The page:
Despite intensive United States' mediation, Israel and its Arab neighbors are poles apart on the two most important items on the Middle East agenda: pulling foreign troops out of Lebanon and creating a Palestinian homeland.
US diplomats Philip Habib and Morris Draper have been shuttling around the Middle East the past week, working to advance negotiations on these inextricably linked issues. Many obstacles remain in their way.
The Lebanon problem is of recent vintage. If unresolved, it could lead to reignition of the violence that rocked the country last summer. The Palestinian homeland problem goes back decades and is one of the prime causes of instability in the region, especially in Lebanon.
Because of Lebanon's large Palestinian population (an estimated 600,000 refugees from territory Israel now controls) and the presence of Palestine Liberation Organization guerrillas in the east and north of the country, most diplomats recognize that peace in Lebanon will not be achieved without a permanent spot for the Palestinians.
The American envoys are trying to build on their diplomatic success of last summer, which prevented a destructive final assault on the PLO by the Israeli Army and removed the organization from Beirut. That was only a stopgap solution. Israeli, Syrian, and PLO forces remain poised in Lebanon. There is a danger that , without continued progress through diplomatic channels this winter, by next spring Lebanon could erupt again.
Mr. Habib is said to be optimistic, however. Egyptian officials Nov. 28 reported that he had told them he believes he can win an agreement to begin a pullback of Israeli, Syrian, and PLO soldiers in Lebanon by the new year. That would require security guarantees for Israel and Syria and fulfillment of at least minimum political demands by the PLO.
Working on the political part of the problem, Habib is trying to find a way of creating a nonbelligerent Palestinian homeland in association with the Kingdom of Jordan. This goal was outlined in President Reagan's Sept. 1 peace proposal for the Middle East.
Habib's meeting with Jordan's King Hussein in Amman last week has increased speculation that the monarch may be getting ready to step into the foreground to try to open negotiations with Israel over the occupied West Bank and Gaza. It will be difficult and dangerous for the King to step very far, however, even in the event he is backed by the PLO and other Arab countries. But because the US refuses to consider an independent Palestinian state, Mr. Reagan's proposed West Bank/Jordan confederation seems the only viable diplomatic course.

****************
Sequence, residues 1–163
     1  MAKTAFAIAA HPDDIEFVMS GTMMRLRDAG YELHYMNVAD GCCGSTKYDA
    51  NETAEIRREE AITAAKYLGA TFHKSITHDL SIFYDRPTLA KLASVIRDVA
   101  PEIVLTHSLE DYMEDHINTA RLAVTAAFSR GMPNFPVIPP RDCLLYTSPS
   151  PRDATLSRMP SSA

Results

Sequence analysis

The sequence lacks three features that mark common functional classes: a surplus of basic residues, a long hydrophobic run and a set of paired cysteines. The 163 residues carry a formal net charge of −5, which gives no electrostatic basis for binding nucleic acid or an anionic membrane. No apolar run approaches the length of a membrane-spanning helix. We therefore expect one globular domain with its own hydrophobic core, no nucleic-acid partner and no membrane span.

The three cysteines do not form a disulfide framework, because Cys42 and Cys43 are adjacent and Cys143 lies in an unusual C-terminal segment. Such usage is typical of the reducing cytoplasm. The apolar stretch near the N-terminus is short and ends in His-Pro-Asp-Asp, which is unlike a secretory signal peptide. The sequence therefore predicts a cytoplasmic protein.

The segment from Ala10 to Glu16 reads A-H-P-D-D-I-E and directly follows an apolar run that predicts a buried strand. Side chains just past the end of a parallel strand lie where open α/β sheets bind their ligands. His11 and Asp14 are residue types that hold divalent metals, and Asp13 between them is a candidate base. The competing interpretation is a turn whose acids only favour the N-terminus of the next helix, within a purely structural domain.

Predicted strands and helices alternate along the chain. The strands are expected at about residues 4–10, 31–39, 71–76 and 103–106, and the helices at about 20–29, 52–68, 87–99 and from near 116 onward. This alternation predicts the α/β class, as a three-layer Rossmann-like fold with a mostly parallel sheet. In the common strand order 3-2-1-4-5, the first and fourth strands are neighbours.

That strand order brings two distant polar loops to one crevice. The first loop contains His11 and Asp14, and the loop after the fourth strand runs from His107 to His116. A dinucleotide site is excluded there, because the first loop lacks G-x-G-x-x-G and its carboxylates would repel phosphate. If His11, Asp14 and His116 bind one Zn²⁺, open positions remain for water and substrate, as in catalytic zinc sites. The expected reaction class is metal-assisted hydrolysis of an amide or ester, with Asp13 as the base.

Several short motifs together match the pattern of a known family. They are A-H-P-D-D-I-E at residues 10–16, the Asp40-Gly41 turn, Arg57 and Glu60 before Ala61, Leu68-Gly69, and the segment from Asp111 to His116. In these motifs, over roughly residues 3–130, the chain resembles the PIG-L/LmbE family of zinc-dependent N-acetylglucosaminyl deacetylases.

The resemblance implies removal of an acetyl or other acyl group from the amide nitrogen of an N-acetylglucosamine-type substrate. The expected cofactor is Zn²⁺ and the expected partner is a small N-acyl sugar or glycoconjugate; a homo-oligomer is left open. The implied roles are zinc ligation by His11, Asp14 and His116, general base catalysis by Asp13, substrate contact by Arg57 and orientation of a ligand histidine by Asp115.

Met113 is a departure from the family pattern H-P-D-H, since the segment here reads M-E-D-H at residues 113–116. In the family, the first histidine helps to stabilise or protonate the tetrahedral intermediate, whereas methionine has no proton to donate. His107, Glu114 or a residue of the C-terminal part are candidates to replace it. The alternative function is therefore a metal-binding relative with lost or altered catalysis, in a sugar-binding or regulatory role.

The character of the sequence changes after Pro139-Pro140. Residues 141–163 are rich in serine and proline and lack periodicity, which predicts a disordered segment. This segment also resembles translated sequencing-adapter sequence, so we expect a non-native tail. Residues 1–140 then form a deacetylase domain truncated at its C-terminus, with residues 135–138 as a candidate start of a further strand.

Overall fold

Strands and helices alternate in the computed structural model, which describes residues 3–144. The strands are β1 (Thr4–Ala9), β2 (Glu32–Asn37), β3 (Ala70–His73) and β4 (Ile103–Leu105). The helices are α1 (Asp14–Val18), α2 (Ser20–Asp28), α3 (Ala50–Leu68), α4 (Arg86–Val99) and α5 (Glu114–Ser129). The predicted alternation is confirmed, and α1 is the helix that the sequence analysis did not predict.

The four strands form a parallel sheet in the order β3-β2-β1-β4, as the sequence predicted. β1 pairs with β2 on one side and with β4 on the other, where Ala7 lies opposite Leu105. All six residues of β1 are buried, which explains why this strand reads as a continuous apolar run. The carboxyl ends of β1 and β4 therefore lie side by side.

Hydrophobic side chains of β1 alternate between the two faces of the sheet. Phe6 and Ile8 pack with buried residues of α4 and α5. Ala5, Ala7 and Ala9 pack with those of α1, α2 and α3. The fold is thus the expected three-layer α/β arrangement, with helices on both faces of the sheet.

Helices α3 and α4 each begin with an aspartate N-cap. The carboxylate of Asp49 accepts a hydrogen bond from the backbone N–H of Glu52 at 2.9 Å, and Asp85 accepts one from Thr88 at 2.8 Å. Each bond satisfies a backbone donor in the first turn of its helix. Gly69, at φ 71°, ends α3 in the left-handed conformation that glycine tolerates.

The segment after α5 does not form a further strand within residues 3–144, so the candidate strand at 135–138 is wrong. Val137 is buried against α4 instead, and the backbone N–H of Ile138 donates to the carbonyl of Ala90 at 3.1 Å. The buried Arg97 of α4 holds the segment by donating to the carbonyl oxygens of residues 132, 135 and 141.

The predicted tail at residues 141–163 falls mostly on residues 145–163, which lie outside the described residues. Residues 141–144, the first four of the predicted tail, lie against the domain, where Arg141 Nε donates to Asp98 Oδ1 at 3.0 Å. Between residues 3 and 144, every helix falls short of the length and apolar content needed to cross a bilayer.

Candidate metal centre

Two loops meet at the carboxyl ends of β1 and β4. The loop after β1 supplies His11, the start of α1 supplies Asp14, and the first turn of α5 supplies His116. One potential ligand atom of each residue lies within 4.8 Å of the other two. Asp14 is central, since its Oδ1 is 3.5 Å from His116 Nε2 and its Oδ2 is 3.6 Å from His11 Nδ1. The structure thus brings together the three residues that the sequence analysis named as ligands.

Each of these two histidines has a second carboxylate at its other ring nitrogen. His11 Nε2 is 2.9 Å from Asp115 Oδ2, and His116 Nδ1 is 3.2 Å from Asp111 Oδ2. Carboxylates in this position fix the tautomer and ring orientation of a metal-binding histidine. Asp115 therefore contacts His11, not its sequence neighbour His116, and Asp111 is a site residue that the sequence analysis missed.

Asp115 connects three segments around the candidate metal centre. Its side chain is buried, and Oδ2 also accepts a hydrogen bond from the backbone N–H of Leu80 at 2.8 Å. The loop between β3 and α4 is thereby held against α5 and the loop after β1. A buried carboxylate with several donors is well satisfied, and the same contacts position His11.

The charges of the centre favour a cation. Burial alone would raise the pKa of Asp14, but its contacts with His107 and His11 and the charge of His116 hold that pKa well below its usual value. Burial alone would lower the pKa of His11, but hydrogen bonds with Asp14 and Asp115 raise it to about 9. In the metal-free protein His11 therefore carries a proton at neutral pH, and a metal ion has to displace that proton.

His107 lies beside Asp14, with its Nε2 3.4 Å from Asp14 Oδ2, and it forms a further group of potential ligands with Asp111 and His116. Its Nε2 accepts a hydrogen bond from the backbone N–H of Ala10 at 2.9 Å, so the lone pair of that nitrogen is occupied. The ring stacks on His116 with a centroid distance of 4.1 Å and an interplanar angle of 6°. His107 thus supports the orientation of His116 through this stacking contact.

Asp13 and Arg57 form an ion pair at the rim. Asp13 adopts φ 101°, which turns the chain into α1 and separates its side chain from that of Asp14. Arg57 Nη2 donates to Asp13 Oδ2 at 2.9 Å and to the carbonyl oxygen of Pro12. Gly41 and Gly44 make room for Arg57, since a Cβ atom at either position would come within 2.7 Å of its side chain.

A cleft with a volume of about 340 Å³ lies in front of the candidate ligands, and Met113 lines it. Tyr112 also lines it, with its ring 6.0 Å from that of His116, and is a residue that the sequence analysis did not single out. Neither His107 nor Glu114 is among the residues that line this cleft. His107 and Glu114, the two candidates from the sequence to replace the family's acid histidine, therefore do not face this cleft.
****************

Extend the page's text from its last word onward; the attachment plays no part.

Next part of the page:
Even as the US diplomats pursue these goals, Israel's position is dead set against concessions on either matter.
Israeli officials this week said they will not talk to the Lebanese about removing Israeli troops unless the Lebanese agree to political negotiations as well. These negotiations would have to be held in Beirut and Jerusalem, the Israelis say. Removing Israeli soldiers from Lebanon without a peace treaty, they add, would contradict the aims of Israel's costly invasion of Lebanon last summer.
The Lebanese counter that security could be ensured by expanding the French-Italian-American peacekeeping force in their country. The Lebanese government Nov. 29 made a formal request to Western powers to send more troops for this purpose. The Lebanese say, moreover, that the issue is one of foreign military forces on their soil. They argue that to broaden negotiations to the political level - and to meet in a controversial location like Jerusalem - is beyond Lebanon's capability at this time.
It seems unlikely progress on this issue will be made until Israeli Prime Minister Menachem Begin's return visit to Washington in January - and then only if he is persuaded by President Reagan.
On the issue of a Palestinian homeland, the government has rejected Reagan's proposed West Bank/Jordan confederation, saying Israel will not give up any of this territory. The Israeli government says the West Bank and Gaza are part of the biblically ordained Land of Israel.
Israel contends that Jordan is already a Palestinian state (since a majority of its population is Palestinian) and another is not needed.
It is doubtful King Hussein could pursue the Reagan goal unilaterally. The King and PLO chairman Yasser Arafat met in Amman Nov. 28 in the wake of a negative reaction to the Reagan plan by the Palestine Central Committee.
(But a PLO official in Amman said Nov. 29 that King Hussein will ask Reagan if he is willing to meet a joint Jordanian-Palestinian delegation for peace talks, Reuters reports. The official emphasized the PLO was not giving Hussein a mandate to speak for it, but the move is seen as indicating the PLO is willing to give the King the green light to explore options when he visits Washington.)